In 1814 Sir Walter Scott visited Orkney and Shetland to look at lighthouses. At the time he was a well-known poet and had just published, anonymously, his first novel, Waverely. In 1822, taking inspiration from what he saw and heard during his short trip north, he wrote his best-selling novel The Pirate. When Scott released the book, there weren’t many writers from Orkney or Shetland and the novel introduced the islands to thousands of readers all over the world.
The two archipelagos were a great source of inspiration for Scott and, throughout the nineteenth century, several writers, mostly producing non-fictional works, came north and wrote about what they found. Other writers drew on Scott’s novel in an imaginative way. George Eliot, for example, namechecks The Pirate in her novel The Mill on the Floss.
Scott was the most influential writer to visit Orkney and Shetland in the nineteenth century. By the time of the Scottish Renaissance of the 1920s, however, few people were reading The Pirate. That movement was concerned with making a modern Scottish literature and, in 1933, it’s main player, Hugh MacDiarmid, came to live in Shetland.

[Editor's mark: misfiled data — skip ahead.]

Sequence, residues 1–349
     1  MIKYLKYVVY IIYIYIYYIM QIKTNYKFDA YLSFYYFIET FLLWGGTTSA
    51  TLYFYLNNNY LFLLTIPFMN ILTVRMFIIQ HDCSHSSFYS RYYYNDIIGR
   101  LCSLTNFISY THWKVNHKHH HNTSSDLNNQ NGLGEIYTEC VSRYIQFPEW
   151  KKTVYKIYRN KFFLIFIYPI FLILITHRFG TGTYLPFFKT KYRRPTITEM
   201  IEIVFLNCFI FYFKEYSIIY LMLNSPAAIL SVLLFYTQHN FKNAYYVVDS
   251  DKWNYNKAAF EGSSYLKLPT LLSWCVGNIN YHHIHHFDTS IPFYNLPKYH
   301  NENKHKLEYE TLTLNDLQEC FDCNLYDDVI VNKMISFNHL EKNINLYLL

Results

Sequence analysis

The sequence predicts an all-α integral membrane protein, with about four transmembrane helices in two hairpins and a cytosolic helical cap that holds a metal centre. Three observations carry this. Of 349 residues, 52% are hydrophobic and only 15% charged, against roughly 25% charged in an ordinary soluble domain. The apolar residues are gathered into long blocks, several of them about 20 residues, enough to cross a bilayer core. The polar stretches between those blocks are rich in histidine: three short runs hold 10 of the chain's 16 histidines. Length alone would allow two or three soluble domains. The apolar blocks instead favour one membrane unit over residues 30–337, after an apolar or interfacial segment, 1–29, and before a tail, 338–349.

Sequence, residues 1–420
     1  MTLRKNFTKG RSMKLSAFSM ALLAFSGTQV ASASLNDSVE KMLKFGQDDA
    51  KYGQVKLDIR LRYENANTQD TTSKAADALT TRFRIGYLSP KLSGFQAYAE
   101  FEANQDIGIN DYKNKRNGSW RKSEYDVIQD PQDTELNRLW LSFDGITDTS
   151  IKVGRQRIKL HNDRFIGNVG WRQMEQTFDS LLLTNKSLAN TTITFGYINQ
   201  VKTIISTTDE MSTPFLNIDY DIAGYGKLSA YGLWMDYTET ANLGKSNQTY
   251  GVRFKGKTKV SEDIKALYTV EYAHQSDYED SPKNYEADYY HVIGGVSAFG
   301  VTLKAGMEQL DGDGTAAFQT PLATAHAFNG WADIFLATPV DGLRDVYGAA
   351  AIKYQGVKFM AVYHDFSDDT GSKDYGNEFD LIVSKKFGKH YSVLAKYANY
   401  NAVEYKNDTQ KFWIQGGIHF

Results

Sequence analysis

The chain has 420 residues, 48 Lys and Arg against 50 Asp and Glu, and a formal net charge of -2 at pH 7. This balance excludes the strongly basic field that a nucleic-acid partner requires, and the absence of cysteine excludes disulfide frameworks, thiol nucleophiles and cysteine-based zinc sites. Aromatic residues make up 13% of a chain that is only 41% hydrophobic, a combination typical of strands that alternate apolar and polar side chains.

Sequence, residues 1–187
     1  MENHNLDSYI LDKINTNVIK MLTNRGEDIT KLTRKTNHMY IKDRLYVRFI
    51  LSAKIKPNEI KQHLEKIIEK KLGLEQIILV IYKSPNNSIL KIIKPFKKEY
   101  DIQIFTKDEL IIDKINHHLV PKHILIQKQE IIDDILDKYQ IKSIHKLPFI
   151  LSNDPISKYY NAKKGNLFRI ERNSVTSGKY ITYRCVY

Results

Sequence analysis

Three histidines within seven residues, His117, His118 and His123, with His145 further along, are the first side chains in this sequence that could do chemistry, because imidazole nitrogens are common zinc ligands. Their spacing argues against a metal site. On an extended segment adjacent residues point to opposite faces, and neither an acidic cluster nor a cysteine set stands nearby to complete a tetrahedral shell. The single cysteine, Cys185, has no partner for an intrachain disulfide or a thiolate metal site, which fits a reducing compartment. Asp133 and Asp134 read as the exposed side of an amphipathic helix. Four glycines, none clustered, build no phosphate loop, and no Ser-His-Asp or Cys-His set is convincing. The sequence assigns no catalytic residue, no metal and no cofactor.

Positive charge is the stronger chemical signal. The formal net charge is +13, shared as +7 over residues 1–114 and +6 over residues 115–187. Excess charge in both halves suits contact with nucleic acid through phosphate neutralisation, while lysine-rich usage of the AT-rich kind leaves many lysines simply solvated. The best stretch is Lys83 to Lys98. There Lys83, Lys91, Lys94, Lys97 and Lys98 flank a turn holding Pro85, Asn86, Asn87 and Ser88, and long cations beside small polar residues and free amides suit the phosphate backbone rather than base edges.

When Scott wrote The Pirate he was the most famous author in the world. MacDiarmid’s involvement with the islands, in contrast to the growth in Scott’s reputation, saw his work become ever more challening and difficult. In the earlier part of his career MacDiarmid produced sparkling, memorable Scots lyrics that remain some of the finest poems ever written in that language. When he came to Shetland, however, his writing changed. He worked mostly in English and, often drawing on the stony landscape he saw in the isles, his work become pre-occupied with geological and scientific terminology. The poems he wrote in Shetland were also very, very long. Difficult poems of such length, both in the 1930s and today, are unlikely to find a widespread readership and MacDiarmid sometimes struggled to have his Shetland work published in the way he originally envisgaed.
Today, Scott and MacDiarmid remain the two most important literary visitors to Orkney and Shetland.